Including but Not Limited to Virtuous Limericks, Rhymes of No Reason, Restaurant Reviews, Shaggy Doggerel, Vapid Variations, Nonsense, and More (or Less)
Here at last is the book by my dad that you have been waiting for, possibly since the 1940s, when he first began talking up the book he was going to write, but more likely in your lifetime. As it turns out, alas, this is not that book, which was to have been the end-all mathematics textbook on differential equations.
Instead, this book is a collection of his humorous writing, culled from hundreds if not thousands of pages of limericks, one-liners, stories in verse, regular-old poems, and items not in any poetic form known to humankind.
My dad liked to group his writings by category—for example, limericks, restaurant reviews, eclectic vignettes. But because of his habit of revising everything multiple times, these categories were not fixed. Thus you might find a poem in the limerick section one day and in the vignette (vignette, not vinaigrette, although my dad enjoying cooking) section the next. To simplify matters, I reduced the number of categories and didn’t worry so much about whether a poem was or wasn’t a limerick, to use just one example. To effect this, I used his rubric Diverse Verse as a catch-all term for work that didn’t clearly fit a better-defined category, like Restaurant Review.
He also liked alphabetizing items in the categories, although sometimes the letter he worked off of was not what you would expect, namely, the title of the poem or the first word of a line. Instead, it might be the last letter in the first line. In most regular-old poetry books the poems most likely are arranged nonalphabetically. I decided to organize the poems alphabetically within categories using what I hope is a logical approach to alphabetic schemes. If that logic sometimes evades you, rest assured that it sometimes evade me too.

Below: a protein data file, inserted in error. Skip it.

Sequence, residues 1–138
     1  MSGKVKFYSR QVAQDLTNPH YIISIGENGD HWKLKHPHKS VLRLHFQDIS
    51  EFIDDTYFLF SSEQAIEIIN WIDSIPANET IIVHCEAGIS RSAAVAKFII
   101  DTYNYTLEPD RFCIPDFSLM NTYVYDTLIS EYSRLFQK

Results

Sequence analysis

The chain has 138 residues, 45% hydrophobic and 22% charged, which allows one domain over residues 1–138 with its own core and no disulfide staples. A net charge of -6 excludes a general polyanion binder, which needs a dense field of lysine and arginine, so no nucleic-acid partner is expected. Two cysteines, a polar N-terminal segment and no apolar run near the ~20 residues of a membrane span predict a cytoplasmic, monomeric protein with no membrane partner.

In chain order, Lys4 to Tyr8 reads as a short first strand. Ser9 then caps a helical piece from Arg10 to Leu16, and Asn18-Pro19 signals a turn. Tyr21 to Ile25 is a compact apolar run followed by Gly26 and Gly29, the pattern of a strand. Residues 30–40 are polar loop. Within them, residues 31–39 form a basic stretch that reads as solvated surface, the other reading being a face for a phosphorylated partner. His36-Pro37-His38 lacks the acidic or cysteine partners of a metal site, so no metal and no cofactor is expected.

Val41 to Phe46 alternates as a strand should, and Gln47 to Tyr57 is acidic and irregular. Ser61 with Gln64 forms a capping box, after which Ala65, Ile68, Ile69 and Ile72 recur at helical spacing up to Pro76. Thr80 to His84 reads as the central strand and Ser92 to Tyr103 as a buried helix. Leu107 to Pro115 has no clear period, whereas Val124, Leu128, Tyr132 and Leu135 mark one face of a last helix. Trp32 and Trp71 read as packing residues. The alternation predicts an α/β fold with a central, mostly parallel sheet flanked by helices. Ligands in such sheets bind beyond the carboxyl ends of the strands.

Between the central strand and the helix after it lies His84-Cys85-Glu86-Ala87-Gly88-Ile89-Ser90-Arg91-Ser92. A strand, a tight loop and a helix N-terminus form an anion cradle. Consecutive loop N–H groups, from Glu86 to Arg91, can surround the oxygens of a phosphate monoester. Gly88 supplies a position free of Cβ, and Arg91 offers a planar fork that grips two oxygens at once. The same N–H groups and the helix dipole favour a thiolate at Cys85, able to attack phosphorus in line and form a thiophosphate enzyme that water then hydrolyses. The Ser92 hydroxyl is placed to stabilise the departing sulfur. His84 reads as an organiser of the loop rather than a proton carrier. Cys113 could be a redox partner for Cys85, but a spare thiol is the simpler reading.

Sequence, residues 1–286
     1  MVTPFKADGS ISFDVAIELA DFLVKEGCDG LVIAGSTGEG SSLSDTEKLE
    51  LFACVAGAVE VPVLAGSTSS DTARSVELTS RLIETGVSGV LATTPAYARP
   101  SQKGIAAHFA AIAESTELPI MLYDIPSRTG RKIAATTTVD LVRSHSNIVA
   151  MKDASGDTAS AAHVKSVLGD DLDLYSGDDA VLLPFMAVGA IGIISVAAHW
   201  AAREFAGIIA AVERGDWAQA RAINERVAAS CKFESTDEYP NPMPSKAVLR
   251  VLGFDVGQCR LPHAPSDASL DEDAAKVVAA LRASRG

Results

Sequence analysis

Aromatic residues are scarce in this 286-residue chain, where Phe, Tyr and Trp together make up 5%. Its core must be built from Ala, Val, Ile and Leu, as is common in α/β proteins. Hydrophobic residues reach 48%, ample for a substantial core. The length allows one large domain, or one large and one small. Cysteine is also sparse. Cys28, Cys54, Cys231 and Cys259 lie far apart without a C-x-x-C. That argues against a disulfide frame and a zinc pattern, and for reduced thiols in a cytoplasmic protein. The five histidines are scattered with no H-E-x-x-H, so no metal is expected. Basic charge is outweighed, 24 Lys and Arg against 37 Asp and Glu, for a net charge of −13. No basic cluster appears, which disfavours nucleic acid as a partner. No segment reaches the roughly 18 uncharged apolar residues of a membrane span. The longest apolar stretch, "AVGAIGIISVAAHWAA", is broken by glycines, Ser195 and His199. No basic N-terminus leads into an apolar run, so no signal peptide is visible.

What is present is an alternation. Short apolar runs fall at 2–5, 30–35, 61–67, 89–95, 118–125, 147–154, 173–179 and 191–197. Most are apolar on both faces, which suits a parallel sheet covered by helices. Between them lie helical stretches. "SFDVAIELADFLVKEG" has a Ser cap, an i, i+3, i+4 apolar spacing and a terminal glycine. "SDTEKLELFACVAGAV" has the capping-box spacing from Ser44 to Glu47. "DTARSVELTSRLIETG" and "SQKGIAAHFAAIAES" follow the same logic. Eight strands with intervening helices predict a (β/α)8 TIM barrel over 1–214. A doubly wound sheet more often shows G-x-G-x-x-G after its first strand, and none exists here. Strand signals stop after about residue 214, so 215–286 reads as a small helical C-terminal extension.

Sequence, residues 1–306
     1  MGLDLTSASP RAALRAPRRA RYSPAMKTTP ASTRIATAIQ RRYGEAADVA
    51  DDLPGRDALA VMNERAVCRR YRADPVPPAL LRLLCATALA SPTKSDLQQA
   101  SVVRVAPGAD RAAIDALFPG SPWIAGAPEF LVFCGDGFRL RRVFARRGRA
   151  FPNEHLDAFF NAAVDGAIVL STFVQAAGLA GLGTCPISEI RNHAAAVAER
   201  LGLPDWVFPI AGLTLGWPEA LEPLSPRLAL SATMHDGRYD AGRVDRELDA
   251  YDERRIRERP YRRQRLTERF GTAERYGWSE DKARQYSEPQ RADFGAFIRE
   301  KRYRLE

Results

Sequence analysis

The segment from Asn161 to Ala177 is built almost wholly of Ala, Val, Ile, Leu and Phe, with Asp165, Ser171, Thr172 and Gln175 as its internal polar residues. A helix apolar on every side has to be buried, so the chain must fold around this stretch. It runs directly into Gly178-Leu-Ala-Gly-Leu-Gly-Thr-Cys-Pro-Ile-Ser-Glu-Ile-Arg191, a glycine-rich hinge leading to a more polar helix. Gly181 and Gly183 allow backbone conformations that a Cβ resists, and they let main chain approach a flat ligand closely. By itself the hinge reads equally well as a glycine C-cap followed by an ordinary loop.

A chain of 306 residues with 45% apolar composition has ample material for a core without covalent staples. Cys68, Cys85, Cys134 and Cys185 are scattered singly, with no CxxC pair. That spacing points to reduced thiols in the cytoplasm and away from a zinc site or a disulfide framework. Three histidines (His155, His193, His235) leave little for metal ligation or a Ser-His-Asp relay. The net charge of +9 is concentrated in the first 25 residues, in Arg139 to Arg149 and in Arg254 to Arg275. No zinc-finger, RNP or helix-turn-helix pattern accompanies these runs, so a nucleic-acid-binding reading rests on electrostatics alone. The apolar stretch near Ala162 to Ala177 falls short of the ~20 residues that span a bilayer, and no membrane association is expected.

My father might be rolling over in his grave at what I have done, or he might be thankful that eventually I got everything into a nice little book for your reading pleasure. I hope the latter. He was a perfectionist, which is why he never published the math book or a book of his humorous writings. I have been told that I’m a perfectionist, too, but these days I am starting to look the other way more often and say “good enough” about my various projects—including, I hope you will agree, this book of my dad’s humor.
ALERT! “Flaw in the Flue” on page 8 of the printed book actually was written by and © Ogden Nash (1902–1971), one of my dad’s favorite practitioners of light verse. Apologies to the current copyright holder and to Mr. Nash, wherever he may be. This has been corrected in the .pdf version of the book (see below).
The print edition of the book is now available for $15 plus shipping and sales tax. To order now using PayPal or your credit card, click the top button below:
To order large quantities via PayPal or credit card (more than five copies), please contact me first at [email protected] for a total price on the number of copies you specify, especially if you live outside the U.S. Contact me at [email protected] if you live overseas and have trouble paying with PayPal.
If you can’t wait, here is a link to an electronic (.pdf) file of the book:
The Wit, Whimsy, Wisdom, and Wordplay of Bernard Rasof, PhD. Please note that one poem in the printed book is not in this .pdf: “Flaw in the Flue,” which turned out to have been written by Ogden Nash and not by my dad.